products “smart” were not designed to handle the diversity of devices, the scope of
interactions and the massive volume of data-points generated from devices. Each new
device requires too much customization and development resources just to perform the
same basic tasks efficiently and effectively.
smart systems platforms
introduction & overview
Today, platforms for the Internet of Things are still a kludgy collection of yesterday’s
technology and architectures that do not address the most basic development challenges.
Even though many companies are telling fantastic IoT marketing stories about what
their solutions can do, you wouldn’t know it from today’s fragmented collection of
incomplete platforms, narrow point-solutions, and software incompatibility.
The IT, telecom and automation sectors have failed to keep pace with advancing
technology and its potential impact on their constituents. In the course of the last
two decades, the world has become so dependent upon the existing ways computing,
telephony and automation systems are organized that most people cannot bring
themselves to think about the evolution of these technologies with any critical
detachment. Even in sophisticated discussions, today’s key enabling information,
automation and control technologies are usually viewed as utterly inevitable and
The client-server model underlying today’s computing systems greatly compounds the
problem. Regardless of data-structure, information in today’s computing systems is
machine-centric because its life is tied to the life of a physical machine and can easily
become extinct. With today’s IoT platforms information is not free and fluid. In fact,
thanks to today’s platforms and information architectures, it’s not free to easily merge
with other information and enable any kind of systemic intelligence.
All of this adds up to a huge collection of information-islands whether on your servers,
your service provider’s servers or anywhere else. Assuming the islands remain in
existence reliably, they are still fundamentally incapable of truly interoperating with
Exhibit 1: Digital and Smart Systems Technologies Will Inform All Systems
Digitized Content and
smart systems platforms
Introduction & overview
other information-islands. This is the issue with all so-called IoT platforms that have
flooded the market – they are really “data traps” and information islands. We can create
bridges between them, but islands they remain, because that’s how they were designed.
The next cycle of technology and systems development in the smart connected systems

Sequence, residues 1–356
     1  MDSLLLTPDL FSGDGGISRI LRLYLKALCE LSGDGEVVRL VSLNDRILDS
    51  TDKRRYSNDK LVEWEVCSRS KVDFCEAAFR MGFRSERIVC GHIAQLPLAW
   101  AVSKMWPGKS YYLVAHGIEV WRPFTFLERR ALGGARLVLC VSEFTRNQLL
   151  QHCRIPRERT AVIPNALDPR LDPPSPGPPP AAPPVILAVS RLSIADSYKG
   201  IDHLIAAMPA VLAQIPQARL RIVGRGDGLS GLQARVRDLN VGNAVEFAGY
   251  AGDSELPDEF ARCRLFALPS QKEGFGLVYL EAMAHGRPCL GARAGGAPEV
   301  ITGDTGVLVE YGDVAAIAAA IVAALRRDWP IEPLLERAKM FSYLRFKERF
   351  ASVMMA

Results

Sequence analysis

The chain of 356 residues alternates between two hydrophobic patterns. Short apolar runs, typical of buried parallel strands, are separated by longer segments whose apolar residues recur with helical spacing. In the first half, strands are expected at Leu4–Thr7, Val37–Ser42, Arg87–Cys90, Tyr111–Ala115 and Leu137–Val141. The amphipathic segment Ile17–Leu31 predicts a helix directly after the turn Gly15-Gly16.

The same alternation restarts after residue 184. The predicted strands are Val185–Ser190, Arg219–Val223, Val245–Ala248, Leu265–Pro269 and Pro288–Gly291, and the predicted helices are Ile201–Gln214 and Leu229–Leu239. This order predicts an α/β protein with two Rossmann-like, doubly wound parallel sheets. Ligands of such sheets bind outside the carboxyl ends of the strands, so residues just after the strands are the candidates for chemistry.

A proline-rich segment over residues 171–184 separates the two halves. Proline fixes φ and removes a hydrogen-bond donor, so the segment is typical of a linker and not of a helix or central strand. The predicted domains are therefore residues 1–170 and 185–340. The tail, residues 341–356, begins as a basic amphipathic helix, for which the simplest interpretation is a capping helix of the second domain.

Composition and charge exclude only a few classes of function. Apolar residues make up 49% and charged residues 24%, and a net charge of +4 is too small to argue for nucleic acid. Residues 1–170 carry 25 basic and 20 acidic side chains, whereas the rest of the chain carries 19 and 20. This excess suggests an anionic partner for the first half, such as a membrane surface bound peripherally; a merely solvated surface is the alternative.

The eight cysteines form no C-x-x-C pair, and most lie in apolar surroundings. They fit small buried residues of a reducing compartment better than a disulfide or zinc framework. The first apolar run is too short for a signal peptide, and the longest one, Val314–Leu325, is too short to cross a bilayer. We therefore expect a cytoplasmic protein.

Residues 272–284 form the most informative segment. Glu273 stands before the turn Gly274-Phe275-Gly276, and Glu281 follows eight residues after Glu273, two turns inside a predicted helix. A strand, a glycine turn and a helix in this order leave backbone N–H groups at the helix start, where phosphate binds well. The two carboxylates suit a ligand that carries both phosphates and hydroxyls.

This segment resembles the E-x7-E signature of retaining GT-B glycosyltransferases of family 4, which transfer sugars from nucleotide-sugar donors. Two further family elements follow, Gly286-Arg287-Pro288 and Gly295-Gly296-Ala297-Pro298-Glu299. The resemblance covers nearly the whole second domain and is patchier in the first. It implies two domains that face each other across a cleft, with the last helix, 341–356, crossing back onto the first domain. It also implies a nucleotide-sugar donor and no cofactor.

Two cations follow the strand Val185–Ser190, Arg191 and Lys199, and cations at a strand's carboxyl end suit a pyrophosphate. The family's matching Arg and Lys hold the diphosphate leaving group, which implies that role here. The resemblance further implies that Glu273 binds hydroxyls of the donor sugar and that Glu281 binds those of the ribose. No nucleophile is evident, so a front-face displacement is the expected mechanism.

arena is supposed to be setting the stage for a multi-year wave of growth based on the
convergence of innovations in software architectures; back-room data center operations;
wireless and broadband communications; and smaller, more powerful client devices
connected to personal, local and wide-area networks. But is it?
This report is about an important new perspective on smart systems and services and
the technology integration and development platforms that play a critical role enabling
these new solutions. This perspective does not just come from our own thinking. It
is from the diverse group of people who are thinking about the scope and on the scale
that Smart Systems deserves. It is because this community of technologists and business
developers is so fragmented that we believe a new approach is required. This is why we
believe a new “architecture” is required to begin to integrate and bind these disparate
views of the future of information technology.
What do we plan to address in this report?
» The required architecture and technologies to inform a radically new view of
information services; and,
» The corresponding emerging business models these technologies will inform.
Most importantly, we plan to demonstrate that for the first time in the evolution of
networked businesses, these two “architectures” must be viewed in close proximity.
The two thrusts need to be mutually supportive without inhibiting one or the
other. However, trying to coordinate and leverage the respective roles of technology
architecture and business architecture often creates contention. Many of the participants
in this emerging arena we speak with are coming to see the continuously evolving
relationship between these two dimensions as fertile ground for innovation. They need